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M600 Right To Left And Bottom To Top Strokes Dry And Very Thin

pelikan m600 dry nib tuning

4 replies to this topic

#1 farazqamar

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Posted 19 July 2015 - 21:48

 
hi everyone...i have a quick question for you....my pelikan m600 extra fine is amazing. I do have a small problem...it lays down a very nice and wet stroke from left to right and top to bottom...but the right to left and bottom to top stroke is the exact opposite. its dry and very thin....barely visible....i do not know what to do about this...please let me know if you have any suggestions...thanks
 


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#2 fly_us

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Posted 20 July 2015 - 03:07

Sound like a misaligned tines case. Get a loupe and loot at tip of the nib while hold the pen at 45 degrees to see both of the tines are aligned or not.

#3 ac12

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Posted 20 July 2015 - 07:44

Presuming that you are a right hander...

Top to bottom will always be wetter than bottom to top, simply because you are pulling the pen down and the tines can spread, putting down more ink.

Similarly the Left to Right stroke, because it is a pulling stroke, vs the Right to Left which is a pushing stroke.

 

You could have the nib adjusted to flow more ink, which would darken the R->L and Bottom->Top stokes.  But it will also make the other strokes wetter as well.

 

Another idea is your paper and ink.  If the paper is not smooth and hard, the EF nib may/will have a harder time moving in the push direction than in the pull direction.  And the ink provides the lubrication for the nib.


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#4 farazqamar

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Posted 20 July 2015 - 11:23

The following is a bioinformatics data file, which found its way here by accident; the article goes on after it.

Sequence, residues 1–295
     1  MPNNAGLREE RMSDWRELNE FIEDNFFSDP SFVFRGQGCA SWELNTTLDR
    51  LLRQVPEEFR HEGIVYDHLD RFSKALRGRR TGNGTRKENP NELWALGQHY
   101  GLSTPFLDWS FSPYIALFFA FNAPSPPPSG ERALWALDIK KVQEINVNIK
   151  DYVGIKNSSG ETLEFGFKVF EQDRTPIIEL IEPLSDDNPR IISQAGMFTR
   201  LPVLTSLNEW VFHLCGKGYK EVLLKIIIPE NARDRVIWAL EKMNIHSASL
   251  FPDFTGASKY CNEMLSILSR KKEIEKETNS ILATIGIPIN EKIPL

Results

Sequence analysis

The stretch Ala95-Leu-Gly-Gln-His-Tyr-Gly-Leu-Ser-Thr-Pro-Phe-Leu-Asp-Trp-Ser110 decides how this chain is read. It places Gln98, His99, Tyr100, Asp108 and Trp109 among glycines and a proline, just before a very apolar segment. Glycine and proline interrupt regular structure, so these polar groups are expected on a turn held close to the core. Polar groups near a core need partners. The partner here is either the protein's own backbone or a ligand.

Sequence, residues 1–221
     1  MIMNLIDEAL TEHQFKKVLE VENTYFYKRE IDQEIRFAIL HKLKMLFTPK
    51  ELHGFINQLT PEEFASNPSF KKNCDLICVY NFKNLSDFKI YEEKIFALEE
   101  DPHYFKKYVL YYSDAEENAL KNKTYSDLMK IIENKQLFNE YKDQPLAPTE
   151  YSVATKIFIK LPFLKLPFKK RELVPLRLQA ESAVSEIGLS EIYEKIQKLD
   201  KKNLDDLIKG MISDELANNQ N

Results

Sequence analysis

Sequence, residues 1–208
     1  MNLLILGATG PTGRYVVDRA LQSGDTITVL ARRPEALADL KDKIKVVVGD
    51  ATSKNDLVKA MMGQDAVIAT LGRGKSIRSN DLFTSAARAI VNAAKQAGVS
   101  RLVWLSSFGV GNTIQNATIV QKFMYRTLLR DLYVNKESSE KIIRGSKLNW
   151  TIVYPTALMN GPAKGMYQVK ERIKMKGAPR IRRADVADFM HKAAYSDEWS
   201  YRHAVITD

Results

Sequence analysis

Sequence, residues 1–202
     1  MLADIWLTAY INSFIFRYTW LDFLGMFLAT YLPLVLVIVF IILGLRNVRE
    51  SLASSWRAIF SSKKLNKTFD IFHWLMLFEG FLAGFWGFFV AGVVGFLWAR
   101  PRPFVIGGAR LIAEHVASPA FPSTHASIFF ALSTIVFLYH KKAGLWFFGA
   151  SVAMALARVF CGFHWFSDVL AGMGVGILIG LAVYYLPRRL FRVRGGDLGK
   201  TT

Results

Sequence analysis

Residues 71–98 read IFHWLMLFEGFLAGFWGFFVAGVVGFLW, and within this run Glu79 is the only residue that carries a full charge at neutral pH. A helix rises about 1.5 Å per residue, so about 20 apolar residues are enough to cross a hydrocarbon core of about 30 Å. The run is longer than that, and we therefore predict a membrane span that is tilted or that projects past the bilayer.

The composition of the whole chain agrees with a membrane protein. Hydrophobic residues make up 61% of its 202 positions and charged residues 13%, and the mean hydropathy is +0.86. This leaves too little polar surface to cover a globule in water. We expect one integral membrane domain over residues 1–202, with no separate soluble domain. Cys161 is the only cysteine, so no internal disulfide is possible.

Sound like a misaligned tines case. Get a loupe and loot at tip of the nib while hold the pen at 45 degrees to see both of the tines are aligned or not.

 

i did check the tines and they were a tiny bit out of alignment. but that didnt fix my issue. thanks for the suggestion though.

 

Presuming that you are a right hander...

Top to bottom will always be wetter than bottom to top, simply because you are pulling the pen down and the tines can spread, putting down more ink.

Similarly the Left to Right stroke, because it is a pulling stroke, vs the Right to Left which is a pushing stroke.

 

You could have the nib adjusted to flow more ink, which would darken the R->L and Bottom->Top stokes.  But it will also make the other strokes wetter as well.

 

Another idea is your paper and ink.  If the paper is not smooth and hard, the EF nib may/will have a harder time moving in the push direction than in the pull direction.  And the ink provides the lubrication for the nib.

 

thank you for the reply. You are spot on. I did try to make the flow a bit more wetter and that fixed the ltr and bottom top strokes but also made the pen much more wetter in the other directions too. i then pressed the tines back together because the pen had become too wet for me. I am used to japanese pens and their fine is very very fine with quite a bit of feedback. the european pens are the opposite of that which is the also the case with this pelikan m600. i love the pen but just don't like at all the way it writes and i dont have access to a nibmeister to get the nib reground to be extra fine like a japanese fine. well i guess i have no choice but to get used to the pelikan nib because i just loooove the pen. thanks for your suggestion though.

 

btw i had no idea that the 14k pelikan nib was so soft. it is very easy to ruin the nib if you apply even a bit of pressure. i accidently made mine write like a bb and its a ef nib. now its back to normal.



#5 ac12

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Posted 21 July 2015 - 03:20

Fountain pens are supposed to be written with very little pressure on the pen.

As I understand it, the 14k nib on the M600 is NOT a soft/flexy nib.

From what you said, I am thinking that on the down and L-> strokes, you are applying significantly more pressure than on the D->U and R->L strokes.

 

When you hold the pen, what is the angle of the pen relative to the paper? 

Fountain pens are not designed to be written with a steep (more vertical) angle.  Most write best at about 45 degrees angle.

 

The other thing that you could be doing is rotating the pen.  The smaller the nib, the smaller the 'sweet spot' of the nib.  If you rotate off the sweet spot, the ink flow slows down or stops.


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